One day, I would like to think that it is possible to judge a school by the commitment, effort of the teachers, the happiness of the children and the complete trust parents have in a school. Children and teachers are human beings, each one unique, no two schools are the same and no school is perfect. The best schools are ones that are led by people who care and are constantly striving to improve in a variety of ways to educate children to want to learn and get that joy from achieving even the smallest goal. Our combined is not near the floor at all, but I am totally proud of what the Y6 teachers have achieved this year, they are two, young brilliant human beings who deserve to be congratulated, not demoralised. They have taught the children to enjoy success and to recognise the progress they have made and all of the children when given their results were congratulated for trying their best. One boy was delighted, he achieved EXS in all subjects except, Maths, where he missed out by one mark, he is no failure and yet that mark pushed our school below floor. Another child, who has struggled with anxieties since reception, but has been well supported by all her teachers and was diagnosed with Autism this year achieved 100 across the board except for maths, where the test situation got the better of her,; her beaming face whilst telling our learning mentor how proud she was of herself brought a tear to my eye, but statistically we fail. And finally the child who didn’t score at all on her reading paper brought me my ticket to their end of year production yesterday, happy and excited about performing at the local secondary school, thankfully, there were no signs of failure on her face at all, for which I can say I am totally grateful for the support and care and nurturing Y6 team who have provided the children with a brilliant all round education this year…they are already planning next year too, more maths, more reading, more writing and not forgetting, ‘It’s all about the SPAG!’

  5. Geoff 9 July 2016 at 11:45 am Reply

    Another clear-eyed, judicious post. Thank you. The situation re stand alone juniors is a MASSIVE issue & as someone who works in one with an unfortunately unscrupulous ‘partner’ Infant school I’m dreading ‘progress’ measures in Sept. & the continuing additional pressure that will come due to skewered KS1 results from our ‘outstanding’ infants.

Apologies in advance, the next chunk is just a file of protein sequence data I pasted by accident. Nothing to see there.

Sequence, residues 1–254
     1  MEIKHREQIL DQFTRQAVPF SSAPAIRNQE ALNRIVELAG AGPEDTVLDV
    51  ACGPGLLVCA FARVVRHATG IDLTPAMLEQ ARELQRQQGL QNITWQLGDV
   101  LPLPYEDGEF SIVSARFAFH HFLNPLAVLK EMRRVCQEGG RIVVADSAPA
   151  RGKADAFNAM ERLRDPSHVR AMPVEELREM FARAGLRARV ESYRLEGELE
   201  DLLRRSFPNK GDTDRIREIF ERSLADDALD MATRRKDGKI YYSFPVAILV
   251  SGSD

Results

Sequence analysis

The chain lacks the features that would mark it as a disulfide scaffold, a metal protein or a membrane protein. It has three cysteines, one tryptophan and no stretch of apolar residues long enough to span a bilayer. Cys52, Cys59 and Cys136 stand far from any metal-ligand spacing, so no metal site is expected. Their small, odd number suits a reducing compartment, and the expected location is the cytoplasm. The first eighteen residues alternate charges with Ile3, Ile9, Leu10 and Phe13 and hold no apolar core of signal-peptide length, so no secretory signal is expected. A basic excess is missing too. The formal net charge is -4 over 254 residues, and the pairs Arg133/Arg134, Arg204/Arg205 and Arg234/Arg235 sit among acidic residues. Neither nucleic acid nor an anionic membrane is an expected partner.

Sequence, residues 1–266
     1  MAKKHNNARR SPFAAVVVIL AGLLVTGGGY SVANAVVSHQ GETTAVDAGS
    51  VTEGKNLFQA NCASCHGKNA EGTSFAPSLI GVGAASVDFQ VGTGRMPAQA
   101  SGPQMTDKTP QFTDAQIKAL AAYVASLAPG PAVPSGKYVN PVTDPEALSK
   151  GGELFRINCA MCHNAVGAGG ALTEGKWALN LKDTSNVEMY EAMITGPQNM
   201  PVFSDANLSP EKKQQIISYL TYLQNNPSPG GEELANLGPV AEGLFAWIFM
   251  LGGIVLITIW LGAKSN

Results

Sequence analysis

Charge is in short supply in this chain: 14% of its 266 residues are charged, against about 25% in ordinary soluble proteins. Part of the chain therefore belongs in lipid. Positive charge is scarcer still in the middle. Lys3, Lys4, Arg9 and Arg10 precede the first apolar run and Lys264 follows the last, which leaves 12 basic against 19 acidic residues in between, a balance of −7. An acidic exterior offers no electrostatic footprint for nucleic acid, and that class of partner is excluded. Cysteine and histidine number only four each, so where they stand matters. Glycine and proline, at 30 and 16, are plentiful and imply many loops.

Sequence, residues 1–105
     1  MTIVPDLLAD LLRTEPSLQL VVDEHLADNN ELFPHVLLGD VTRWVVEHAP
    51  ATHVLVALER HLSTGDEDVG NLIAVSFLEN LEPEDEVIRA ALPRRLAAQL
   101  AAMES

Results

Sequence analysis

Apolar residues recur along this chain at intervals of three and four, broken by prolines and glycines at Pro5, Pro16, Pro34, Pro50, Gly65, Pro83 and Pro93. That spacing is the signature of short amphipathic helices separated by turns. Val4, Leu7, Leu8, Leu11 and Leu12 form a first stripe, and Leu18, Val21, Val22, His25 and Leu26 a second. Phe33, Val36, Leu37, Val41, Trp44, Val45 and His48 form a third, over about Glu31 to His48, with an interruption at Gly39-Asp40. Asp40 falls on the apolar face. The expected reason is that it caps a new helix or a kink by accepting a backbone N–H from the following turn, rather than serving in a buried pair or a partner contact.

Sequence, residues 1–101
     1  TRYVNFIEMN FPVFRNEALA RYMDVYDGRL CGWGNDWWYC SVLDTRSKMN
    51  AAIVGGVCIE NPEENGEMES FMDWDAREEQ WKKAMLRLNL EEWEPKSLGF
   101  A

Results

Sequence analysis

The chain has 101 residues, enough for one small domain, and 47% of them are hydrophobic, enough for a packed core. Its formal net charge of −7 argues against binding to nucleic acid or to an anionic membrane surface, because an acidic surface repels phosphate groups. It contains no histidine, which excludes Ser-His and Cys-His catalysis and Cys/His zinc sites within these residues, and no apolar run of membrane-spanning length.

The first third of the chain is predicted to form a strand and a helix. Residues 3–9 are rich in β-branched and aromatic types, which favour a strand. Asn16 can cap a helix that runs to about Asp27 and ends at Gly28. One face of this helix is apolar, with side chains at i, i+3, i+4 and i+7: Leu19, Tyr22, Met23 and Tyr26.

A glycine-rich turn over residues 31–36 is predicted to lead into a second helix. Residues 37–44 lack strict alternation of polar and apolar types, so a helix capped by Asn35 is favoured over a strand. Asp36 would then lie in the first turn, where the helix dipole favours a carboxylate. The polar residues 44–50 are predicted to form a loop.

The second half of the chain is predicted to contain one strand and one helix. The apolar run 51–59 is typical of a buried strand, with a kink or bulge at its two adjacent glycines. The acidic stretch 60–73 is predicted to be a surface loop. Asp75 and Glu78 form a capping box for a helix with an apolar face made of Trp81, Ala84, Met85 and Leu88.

6. Ali B 9 July 2016 at 12:10 pm Reply

    Very helpful info. Thanks. Was relieved to discover our county data falls below the floor standard too.

  7. daveo81 9 July 2016 at 4:20 pm Reply

    I wasn’t frustrated by the maths, writing or reading assessments. The big problem I have has always been with the SPAG test. I wonder how many of the schools have fallen below the 65% or even the national standard because their children made punctuation errors or misspelled words as mine did. I’ve assessed a number of children at the expected level for writing but they were just below the expected level for the SPAG test.
    The data just doesn’t tell us the whole story or each school as Jenny has already pointed out.
    But I agree the progress measures will hopefully become the important thing to look at considering Progress 8 will be going live in Secondary schools next year I think? However, I fear in primary schools it will force more accountability between key stages and probably cause teachers to fall out as we try to moderate between years more keenly. I’m already looking at the year 5 data with skepticism.

    • Michael Tidd 9 July 2016 at 7:01 pm Reply

      The SPAG test doesn’t contribute towards the floor standard, fortunately.

  8. daveo81 9 July 2016 at 7:05 pm Reply

    It doesn’t! That’s the best news I’ve heard this week! Our head and deputy calculated it based on the SPAG result as well. That’ll drive our results up.
    Where is it stated that the SPAG doesn’t contribute to the floor standard? And therefore: what is the point of it?

  9. Michael Tidd 9 July 2016 at 7:12 pm Reply

    No it doesn’t. It’s based on Reading and Maths scores, and Writing TA judgements. See page 6 of the document here:
    https://www.gov.uk/government/uploads/system/uploads/attachment_data/file/496158/Primary_school_accountability_in_2016.pdf

    As for what’s the point of the SPAG test… who knows?

    • daveo81 9 July 2016 at 8:01 pm Reply

      Thanks for this, forwarding on to the leadership at my school….who I feel probably should have known this.

  10. Caseby's Casebook 10 July 2016 at 7:02 am Reply

    Thanks for putting this together. Your work on this is very useful and a regular talking point at the school partnership meeting I chair. You are right to point out the self selected nature of the data but using a volunteer sample isn’t ‘unscientific’, we just need to be aware of the limitations. Your graph looks like a normal curve which suggests that you have a representative sample. Obviously plucking a number out of thin air and making it a ‘floor target’ is a nonsense and progress will show how much schools have moved pupils on. What I can’t get my head round is KS4 – we’ll have a progress measure but based on attainment that is capped because only so many students will be ‘allowed’ each grade.